• Recommendation 3: The DHHS should provide funds to develop an international Network of Collaborators that would allow for multidisciplinary CFS-related research using standardized criteria accepted by the international CFS research community. Such a network would pool a large number of patients from around the world and would require investigators to develop and employ common protocols.

            • Recommendation 4: DHHS should provide support and funding for an intramural staffed laboratory committed to CFS research.

            • Recommendation 5: The DHHS should promote, encourage, and fund research directed toward the diagnosis, epidemiology, and treatment of CFS in children and adolescents.

            • Recommendation 6: The DHHS, through the CDC and NIH, should continue to sponsor, even accelerate, focused workshops in specific areas of CFS and to invite investigators not currently working on CFS who have been identified as having an interest in the illness.

            • Recommendation 7: The DHHS should pursue making CFS a topic of training for healthcare providers, wherever appropriate, at regional and national conferences sponsored by the Department.

            • Recommendation 8: The DHHS should encourage continuing education for Social Security reviewers and adjudicators. The secretary of DHHS should recommend that adjudicators follow the Social Security Policy Ruling 99-2P, which specifically clarifies policies regarding CFS.

            • Recommendation 9: The DHHS should increase public education on CFS through a public awareness campaign. Discrimination in healthcare, education, and the workplace should be actively confronted.

            • Recommendation 10: We would encourage the classification of CFS as a ‘Nervous System Disease,’ as worded in the ICD-10 G93.3.

            • Recommendation 11: The DHHS should consider participation of the Department of Defense, Department of Veterans Affairs, Agency for Healthcare Research and Quality, and the National Institute of Disability and Rehabilitation Research as ex-officio members of the CFSAC for future deliberations of recommendations.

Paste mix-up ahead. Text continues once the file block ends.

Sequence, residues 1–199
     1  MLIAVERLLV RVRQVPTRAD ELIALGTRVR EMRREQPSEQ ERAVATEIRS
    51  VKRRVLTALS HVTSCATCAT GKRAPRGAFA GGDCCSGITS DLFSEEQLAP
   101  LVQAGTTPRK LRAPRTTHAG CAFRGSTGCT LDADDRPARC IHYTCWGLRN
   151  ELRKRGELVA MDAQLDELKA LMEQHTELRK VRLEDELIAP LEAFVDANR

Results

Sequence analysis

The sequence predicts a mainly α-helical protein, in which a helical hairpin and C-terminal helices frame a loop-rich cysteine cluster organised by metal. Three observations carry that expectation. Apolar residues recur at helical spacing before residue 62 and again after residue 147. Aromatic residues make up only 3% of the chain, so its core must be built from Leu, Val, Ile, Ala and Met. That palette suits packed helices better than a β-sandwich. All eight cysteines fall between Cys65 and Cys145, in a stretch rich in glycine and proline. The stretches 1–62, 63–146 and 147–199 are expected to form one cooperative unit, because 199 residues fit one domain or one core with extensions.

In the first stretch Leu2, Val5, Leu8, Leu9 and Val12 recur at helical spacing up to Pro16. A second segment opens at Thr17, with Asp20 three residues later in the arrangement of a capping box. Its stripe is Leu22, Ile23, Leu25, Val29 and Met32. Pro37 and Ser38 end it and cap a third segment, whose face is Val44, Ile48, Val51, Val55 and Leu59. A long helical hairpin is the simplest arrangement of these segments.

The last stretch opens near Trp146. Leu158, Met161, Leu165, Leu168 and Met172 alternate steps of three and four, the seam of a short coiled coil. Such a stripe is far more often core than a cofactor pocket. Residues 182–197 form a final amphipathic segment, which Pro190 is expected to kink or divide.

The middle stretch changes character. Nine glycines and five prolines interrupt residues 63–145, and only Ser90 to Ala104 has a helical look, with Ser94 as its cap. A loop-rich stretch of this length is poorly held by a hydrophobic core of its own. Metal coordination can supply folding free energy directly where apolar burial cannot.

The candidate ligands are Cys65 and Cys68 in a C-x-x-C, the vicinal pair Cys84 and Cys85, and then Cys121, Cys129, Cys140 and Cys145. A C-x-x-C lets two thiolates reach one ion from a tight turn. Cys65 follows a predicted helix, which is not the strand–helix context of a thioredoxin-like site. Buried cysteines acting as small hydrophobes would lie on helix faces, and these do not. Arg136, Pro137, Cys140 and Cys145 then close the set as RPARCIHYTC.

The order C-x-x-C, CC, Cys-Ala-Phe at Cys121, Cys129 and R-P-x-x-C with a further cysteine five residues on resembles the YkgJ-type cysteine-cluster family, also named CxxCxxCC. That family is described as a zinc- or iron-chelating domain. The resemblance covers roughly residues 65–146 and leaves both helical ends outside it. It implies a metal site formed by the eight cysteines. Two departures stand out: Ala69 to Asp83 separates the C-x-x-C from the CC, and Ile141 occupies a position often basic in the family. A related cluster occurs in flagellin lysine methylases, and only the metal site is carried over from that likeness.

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              Committee Recommendations

              September 27, 2004

              1. We would urge the DHHS to direct the NIH to establish five Centers of Excellence within the United States that would effectively utilize state of the art knowledge concerning the diagnosis, clinical management, treatment and clinical research of persons with CFS. These Centers should be modeled after the existing Centers of Excellence program, with funding in the range of $1.5 million per center per year for five years.
              2. We would urge the DHHS, through the NIH, expedite the issue of an RFA with sufficient set aside funds to attract senior level researchers to engage in the study of CFS. DHHS should fund extramural grants, reviewed by a special emphasis panel knowledgeable CFS, through ROl, R03, P.21, and Directors Pioneer Award mechanisms.
              3. The DHHS should provide funds to develop an international Network of Collaborators that would allow for multidisciplinary CFS-related research using standardized criteria accepted by the international CFS research community. Such a network would pool large number of patients from around the world, and would require investigators to develop and employ common protocols.
              4. DHHS should provide support and funding for an intramural staffed laboratory committed to CFS research.

                Secondary Recommendations
              5. The DHHS should promote, encourage and fund research directed toward the diagnosis, epidemiology, and treatment of CFS in children and adolescents.
              6. The DHHS, through the CDC and NIH, should continue to sponsor, even accelerate, focused workshops in specific areas of CFS and to invite investigators not currently working on CFS who have been identified as having an interest in the illness.
              7. The DHHS should pursue making CFS a topic of training for health care providers, wherever appropriate at regional and national conferences sponsored by the Department.
              8. The DHHS should encourage continuing education for Social Security reviewers and adjudicators. The secretary of DUllS should recommend that adjudicators follow the Social Security Policy ruling 99-2P which specifically clarifies policies regarding CFS.
              9. The DHHS should increase public education on CFS through a public awareness campaign. Discrimination in health care, education and the workplace should be actively confronted.
              10. We would encourage the classification of CFS as a “Nervous System Disease” as worded in the lCD-b G93.3.
              11. The DHHS should consider participation of the Department of Defense, Department of Veterans Affairs, Agency for Healthcare Research and Quality, and the National Institute of Disability and Rehabilitation Research (NIDRR) as ex-officio members of the CFSAC for future deliberations of recommendations.*********************************************
              12. Five Agendas And Presentations             http://www.hhs.gov/advcomcfs/meetings/index.html
              13. SOURCE-Health and Human Services Website:  http://www.hhs.gov/advcomcfs/recommendations/index.html
              14. SOURCE-Health and Human Services Website:  http://www.hhs.gov/advcomcfs/meetings/index.html